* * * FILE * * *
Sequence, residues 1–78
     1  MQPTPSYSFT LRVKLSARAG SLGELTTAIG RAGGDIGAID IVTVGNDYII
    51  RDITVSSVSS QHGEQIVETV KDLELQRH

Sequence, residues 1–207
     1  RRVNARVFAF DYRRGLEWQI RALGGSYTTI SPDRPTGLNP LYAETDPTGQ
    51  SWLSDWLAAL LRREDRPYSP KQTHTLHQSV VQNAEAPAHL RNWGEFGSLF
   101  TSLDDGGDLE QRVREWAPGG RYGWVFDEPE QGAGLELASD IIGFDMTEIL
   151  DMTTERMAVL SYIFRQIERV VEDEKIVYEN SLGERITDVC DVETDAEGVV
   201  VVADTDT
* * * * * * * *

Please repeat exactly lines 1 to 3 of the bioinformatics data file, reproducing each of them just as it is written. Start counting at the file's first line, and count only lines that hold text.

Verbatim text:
Sequence, residues 1–78
     1  MQPTPSYSFT LRVKLSARAG SLGELTTAIG RAGGDIGAID IVTVGNDYII
    51  RDITVSSVSS QHGEQIVETV KDLELQRH